By Rogier van Rooji on Clean Technica, 12 March 2017
Bike paths: The Netherlands is covered with them, connecting more or less every destination a person might wish to go to and greatly increasing the convenience of cycling as a sustainable mode of transport. In the densely populated country, where space is scarce, a consortium of companies and research labs called SolaRoad is endeavoring to make those cycle lanes reduce carbon emissions in yet another way: by having them to generate solar electricity.
In 2014, SolaRoad started its pilot project in the town of Krommenie near Amsterdam by replacing a stretch of 70 meters of a tarmac bike path with solar modules it developed. The embedded solar panels are protected by a 1 cm thick coating, which is highly transparent but does not compromise traction. The project attracted great attention, both inside and outside the Netherlands, and within the first year after the solar bike path opened, 300,000 cyclists and scooters rode over it.
Despite the difficulties paired with embedding solar panels in a road, such as the flat angle in which the modules are positioned, the thick layer of protection glass covering them, and the high numbers of travellers passing over and blocking the sun, the amount of power generated quickly defied expectations. Already half a year after the cycle lane was inaugurated, SolaRoad sent out a press release stating that, with 3000 kWh generated, the solar panels were outperforming the 70 kWh annual per square meter expected threshold set in the lab. In its first year, the SolaRoad produced 9,800 kWh, roughly equivalent to the annual average consumption of three Dutch households.
To accommodate for testing new modules that incorporate innovations inspired by the first 70 meters of SolaRoad, the project was expanded by 20 meters in October 2016. Some of these modules contain thin-film photovoltaic panels. Furthermore, the coating of the new modules has been improved.
The project near Amsterdam will continue till 2018, with the goal of further development and testing of the SolaRoad modules that convert the sun’s energy to electricity while facilitating bike travel. SolaRoad has meanwhile launched the SolaRoad Kit — 10 meters of solar bike path that can be ordered by companies or governments. The province of Groningen in the northern part of the Netherlands has already bought a kit, which will be in operation in a month from now.
Another interesting development is the announcement of a cooperation with Californian road authority Caltrans and the Dutch province North-Holland to develop a second pilot project in Lebec, Kern County. Since the announcement last March, however, no details on what the project might look like have been revealed.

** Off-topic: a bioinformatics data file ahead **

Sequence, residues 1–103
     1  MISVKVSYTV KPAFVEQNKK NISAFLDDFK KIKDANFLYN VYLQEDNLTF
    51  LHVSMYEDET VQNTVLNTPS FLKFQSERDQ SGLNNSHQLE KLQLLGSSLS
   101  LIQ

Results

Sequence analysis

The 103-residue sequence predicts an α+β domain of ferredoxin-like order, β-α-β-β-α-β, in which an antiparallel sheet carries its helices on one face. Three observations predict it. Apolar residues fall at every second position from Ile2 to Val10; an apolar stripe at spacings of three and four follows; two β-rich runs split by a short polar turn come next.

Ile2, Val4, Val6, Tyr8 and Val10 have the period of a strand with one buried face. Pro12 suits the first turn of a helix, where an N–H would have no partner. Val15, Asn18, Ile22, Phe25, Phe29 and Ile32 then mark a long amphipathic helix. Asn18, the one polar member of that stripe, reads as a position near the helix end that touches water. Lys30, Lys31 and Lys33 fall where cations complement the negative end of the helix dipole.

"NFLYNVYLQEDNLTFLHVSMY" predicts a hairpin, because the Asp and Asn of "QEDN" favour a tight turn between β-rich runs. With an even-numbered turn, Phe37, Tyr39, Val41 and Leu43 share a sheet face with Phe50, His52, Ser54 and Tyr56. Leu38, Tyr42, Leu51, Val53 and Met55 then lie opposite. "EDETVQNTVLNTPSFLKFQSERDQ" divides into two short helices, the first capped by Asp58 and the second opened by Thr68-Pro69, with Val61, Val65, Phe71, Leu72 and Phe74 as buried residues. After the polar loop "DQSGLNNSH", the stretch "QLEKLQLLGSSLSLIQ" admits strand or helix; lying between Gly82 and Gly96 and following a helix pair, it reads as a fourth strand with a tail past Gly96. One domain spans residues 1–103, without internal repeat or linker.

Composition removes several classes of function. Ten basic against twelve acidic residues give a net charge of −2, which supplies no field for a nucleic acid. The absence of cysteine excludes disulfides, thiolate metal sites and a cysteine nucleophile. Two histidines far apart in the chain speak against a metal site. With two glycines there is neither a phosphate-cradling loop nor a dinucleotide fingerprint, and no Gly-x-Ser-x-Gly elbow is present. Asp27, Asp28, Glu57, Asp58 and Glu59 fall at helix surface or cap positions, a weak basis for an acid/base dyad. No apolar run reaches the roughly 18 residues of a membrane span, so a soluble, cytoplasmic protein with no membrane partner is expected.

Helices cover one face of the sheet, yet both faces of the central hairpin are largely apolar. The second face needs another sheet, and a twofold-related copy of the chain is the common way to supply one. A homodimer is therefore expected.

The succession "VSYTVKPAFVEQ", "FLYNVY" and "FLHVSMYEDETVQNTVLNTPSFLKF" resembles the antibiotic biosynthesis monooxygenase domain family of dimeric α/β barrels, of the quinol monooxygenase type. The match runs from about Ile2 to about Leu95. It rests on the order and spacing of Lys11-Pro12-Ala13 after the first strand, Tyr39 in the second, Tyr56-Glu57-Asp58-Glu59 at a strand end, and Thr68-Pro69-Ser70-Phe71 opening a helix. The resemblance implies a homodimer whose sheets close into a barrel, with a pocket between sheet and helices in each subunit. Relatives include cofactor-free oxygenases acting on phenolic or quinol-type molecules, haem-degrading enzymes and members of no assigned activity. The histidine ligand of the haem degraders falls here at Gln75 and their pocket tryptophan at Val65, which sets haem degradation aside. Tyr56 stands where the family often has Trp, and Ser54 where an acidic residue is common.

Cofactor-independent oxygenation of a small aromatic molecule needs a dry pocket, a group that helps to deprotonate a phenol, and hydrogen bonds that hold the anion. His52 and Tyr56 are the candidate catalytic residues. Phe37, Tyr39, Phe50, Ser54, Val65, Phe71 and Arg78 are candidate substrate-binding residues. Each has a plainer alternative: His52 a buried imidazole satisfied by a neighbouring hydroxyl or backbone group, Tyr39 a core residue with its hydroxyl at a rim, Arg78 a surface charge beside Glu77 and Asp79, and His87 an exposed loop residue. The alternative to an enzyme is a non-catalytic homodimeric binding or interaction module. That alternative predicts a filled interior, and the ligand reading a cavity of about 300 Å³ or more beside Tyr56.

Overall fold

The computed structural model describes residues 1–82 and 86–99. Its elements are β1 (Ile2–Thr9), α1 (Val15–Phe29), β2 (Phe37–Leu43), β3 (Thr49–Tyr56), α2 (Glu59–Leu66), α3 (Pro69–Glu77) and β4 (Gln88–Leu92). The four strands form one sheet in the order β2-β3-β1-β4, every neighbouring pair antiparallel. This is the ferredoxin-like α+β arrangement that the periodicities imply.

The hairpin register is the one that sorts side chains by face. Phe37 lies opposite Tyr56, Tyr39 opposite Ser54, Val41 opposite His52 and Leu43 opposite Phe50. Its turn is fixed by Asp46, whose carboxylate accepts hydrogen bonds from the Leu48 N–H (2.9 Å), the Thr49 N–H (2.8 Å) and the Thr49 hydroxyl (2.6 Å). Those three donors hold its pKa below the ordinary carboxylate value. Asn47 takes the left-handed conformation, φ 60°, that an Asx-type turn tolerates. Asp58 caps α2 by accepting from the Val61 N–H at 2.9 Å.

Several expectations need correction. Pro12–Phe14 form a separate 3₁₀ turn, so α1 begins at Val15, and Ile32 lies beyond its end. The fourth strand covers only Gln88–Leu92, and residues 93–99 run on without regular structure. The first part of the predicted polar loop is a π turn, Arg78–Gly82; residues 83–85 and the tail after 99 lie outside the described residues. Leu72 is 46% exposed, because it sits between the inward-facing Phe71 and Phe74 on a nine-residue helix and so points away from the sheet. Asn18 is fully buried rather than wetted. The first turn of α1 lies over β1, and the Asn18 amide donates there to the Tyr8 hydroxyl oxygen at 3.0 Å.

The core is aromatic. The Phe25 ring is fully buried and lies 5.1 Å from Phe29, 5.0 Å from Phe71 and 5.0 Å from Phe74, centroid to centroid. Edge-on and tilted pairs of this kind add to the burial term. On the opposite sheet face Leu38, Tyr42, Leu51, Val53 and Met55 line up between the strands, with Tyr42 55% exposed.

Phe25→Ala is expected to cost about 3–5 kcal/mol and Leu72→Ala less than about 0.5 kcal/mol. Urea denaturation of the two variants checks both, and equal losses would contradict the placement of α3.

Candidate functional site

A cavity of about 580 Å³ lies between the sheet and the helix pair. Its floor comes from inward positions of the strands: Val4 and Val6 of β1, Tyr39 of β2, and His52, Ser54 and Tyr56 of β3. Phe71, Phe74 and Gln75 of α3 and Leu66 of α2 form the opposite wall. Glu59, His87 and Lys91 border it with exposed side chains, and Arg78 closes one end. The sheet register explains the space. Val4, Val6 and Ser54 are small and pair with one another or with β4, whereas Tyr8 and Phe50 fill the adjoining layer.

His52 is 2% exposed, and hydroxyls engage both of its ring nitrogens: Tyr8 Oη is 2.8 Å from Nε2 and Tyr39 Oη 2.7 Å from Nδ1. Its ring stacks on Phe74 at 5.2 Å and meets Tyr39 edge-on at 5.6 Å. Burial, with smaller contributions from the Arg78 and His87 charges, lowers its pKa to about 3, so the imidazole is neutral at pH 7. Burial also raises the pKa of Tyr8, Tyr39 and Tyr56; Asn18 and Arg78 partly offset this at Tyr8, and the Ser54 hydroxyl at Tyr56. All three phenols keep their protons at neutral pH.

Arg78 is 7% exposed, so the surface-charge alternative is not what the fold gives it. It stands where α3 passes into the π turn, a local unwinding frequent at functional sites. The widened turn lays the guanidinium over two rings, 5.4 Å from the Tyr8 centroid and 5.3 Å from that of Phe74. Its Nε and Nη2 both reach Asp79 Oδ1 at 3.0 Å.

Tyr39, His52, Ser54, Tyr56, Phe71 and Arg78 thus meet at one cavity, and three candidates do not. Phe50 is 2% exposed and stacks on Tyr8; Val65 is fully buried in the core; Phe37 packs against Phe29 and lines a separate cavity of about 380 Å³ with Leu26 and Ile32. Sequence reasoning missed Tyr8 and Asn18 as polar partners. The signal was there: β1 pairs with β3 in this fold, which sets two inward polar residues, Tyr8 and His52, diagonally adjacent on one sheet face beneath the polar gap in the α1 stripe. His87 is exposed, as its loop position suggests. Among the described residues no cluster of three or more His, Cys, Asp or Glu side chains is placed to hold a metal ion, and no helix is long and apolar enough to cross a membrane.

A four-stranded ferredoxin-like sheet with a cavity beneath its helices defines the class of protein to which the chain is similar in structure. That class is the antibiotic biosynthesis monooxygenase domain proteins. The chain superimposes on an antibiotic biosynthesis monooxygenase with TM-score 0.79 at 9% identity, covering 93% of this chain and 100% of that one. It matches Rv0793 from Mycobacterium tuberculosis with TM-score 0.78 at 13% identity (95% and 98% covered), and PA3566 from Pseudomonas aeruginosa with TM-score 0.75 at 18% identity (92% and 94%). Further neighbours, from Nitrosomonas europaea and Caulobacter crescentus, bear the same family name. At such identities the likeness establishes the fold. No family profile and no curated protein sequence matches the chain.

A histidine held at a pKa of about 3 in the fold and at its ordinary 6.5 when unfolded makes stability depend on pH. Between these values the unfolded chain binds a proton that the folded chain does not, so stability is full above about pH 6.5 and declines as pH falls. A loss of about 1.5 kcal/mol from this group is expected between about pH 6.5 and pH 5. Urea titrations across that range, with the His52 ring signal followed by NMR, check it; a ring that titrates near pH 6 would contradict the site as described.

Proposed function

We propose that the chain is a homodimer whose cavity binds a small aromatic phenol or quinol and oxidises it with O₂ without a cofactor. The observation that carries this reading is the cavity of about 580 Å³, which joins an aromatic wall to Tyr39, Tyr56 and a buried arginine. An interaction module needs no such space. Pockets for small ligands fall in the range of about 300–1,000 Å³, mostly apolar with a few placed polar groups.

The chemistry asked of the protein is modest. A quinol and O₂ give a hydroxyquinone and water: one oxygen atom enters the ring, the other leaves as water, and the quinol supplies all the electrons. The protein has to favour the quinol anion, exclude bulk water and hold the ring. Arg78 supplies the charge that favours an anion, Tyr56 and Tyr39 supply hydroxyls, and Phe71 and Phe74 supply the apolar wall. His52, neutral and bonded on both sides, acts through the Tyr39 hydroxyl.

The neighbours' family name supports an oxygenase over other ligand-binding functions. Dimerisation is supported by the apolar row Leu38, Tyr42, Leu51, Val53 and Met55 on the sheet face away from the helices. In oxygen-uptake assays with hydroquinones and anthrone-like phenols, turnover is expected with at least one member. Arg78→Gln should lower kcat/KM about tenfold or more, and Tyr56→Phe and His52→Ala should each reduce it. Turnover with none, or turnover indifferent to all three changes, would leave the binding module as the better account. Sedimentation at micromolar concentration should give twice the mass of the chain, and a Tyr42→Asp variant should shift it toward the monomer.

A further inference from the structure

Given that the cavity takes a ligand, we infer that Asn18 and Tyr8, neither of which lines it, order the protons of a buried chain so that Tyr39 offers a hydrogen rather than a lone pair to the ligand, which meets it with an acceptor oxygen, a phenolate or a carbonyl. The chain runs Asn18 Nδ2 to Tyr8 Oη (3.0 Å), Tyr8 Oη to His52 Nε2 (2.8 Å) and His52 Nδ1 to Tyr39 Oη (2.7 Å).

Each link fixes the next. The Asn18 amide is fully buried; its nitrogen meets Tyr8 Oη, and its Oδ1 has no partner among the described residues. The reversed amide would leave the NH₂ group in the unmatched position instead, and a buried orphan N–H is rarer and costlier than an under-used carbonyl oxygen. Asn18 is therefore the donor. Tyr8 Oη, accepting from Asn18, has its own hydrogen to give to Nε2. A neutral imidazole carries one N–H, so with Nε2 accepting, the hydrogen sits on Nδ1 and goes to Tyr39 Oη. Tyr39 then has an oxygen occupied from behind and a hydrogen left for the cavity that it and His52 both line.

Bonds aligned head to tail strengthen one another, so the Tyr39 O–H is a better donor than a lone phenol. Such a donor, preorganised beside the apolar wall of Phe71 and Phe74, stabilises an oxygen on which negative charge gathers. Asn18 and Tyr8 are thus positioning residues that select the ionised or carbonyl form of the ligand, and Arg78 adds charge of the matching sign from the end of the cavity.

Although per kWh cost figures are unknown, it is very likely that the electricity produced by the SolaRoad is relatively expensive, especially due to the small scale and novelty of the project. Surely, it cannot compete with normal solar power generation, such as from rooftop solar and solar farms, but the point is that such solar bike paths compete with the cost (and no direct revenue) of conventional bike paths, not other solar installations. As research continuous and enthusiasm coming from many different sides accrues, larger-scale projects could emerge, and we could get a better sense of how viable this idea is. Economies of scale would drive down costs, and suddenly, solar bike paths could no longer be a curiosity. Maybe.
To reiterate: the SolaRoad does not have to reach cost parity with rooftop or utility-scale solar, but the more solar electricity we can generate via cost-competitive means versus the alternative, the better. If we were to travel a decade or so into the future, most available rooftop space might already be covered. So, to further increase solar generation capacity at that time, either land reserved for agriculture or nature would have to be used, or surfaces such as bike paths could be considered.
In densely populated countries such as the Netherlands, geographers are already warning about the burden large-scale solar power plants could place on land available to other uses. Converting gray tarmac into solar highways would be a logical alternative, provided the cost difference is limited or positive.
SolaRoad is not the only consortium in the world working on this type of project. In the US, Solar Roadways is working on high-tech roads that produce electricity and can, among other things, de-ice themselves. Unfortunately, their prototype in Idaho has suffered from severe technical issues, recently even requiring intervention by firefighters as smoke started to come out of an electricity box on the test site.
Another example is located in France, where a one-kilometer stretch of roadway has been covered by solar panels by construction company Colas. This “Wattway” is the start of a controversial plan to convert a staggering 1,000 kilometers of French streets into solar roads.
Electricity-generating roads haven’t left the experimental phase yet, and are very probably not cost-competitive with conventional roadways at this point. But as the rate of innovation is high, and public enthusiasm big, we shouldn’t be surprised to see more SolaRoads in the coming years, possibly of much larger scales than now deemed feasible.